This work assumes that learning needs to be situated in real contexts, and that knowledge is not something which is transmitted and static, but rather something which is dynamic and evident as knowing in practice. The literature espousing communities of practice (Wenger, 1998) provides a lens through which to understand such learning and yet it also offers a critical stance from which to examine the locus and role of online learning. Professional development, by nature, should contribute to the professional learning of the participants, but the question is to what extent do current approaches in online, qualification-based professional development meet the real and diverse needs of teachers in schools? And furthermore, how can an investigation of the complexities of teacher professional learning contribute to future strategies for online professional development?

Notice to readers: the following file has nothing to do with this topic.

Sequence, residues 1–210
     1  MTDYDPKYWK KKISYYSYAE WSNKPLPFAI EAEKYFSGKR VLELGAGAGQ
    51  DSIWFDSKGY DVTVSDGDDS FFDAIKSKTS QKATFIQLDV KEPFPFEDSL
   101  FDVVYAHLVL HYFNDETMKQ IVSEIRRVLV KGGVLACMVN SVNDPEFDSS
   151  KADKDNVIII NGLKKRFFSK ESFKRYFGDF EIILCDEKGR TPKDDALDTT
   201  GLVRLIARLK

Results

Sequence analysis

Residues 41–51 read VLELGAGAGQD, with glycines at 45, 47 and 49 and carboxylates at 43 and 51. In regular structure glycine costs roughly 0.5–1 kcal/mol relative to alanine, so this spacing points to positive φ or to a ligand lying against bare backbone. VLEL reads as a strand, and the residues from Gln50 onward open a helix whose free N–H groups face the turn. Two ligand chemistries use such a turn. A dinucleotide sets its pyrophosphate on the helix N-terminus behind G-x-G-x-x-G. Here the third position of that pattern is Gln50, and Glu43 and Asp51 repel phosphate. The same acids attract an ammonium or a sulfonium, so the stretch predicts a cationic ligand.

Wenger (1998) frames learning in four dimensions as practice (doing), community (belonging), meaning (experience), and identity (becoming), suggesting that these dimensions are inter-related and over-lapping and that learning occurs as part of the natural processes of participating in communities of practice. Learning within communities of practice involves engagement in authentic tasks, and the communication and collaboration which relate to daily work and problem solving (Johnson, 2001). Participation in these practices is about ‘learning to be’ or identity formation (Wenger, 1998). Pertinent to this study is the concept that all forms of participation contribute to the formation of identity, and that multi-membership in different communities requires a process of reconciliation and negotiation between different practices and experiences. Wenger (1998, p. 218) holds that “multi-membership is a critical source of learning because it forces an alignment of perspectives in the negotiation of an engaged identity.” Multi-membership of communities impacts the individual’s identity, but also has the potential to influence communities as individuals act as brokers transferring the practices and artefacts of one context to another.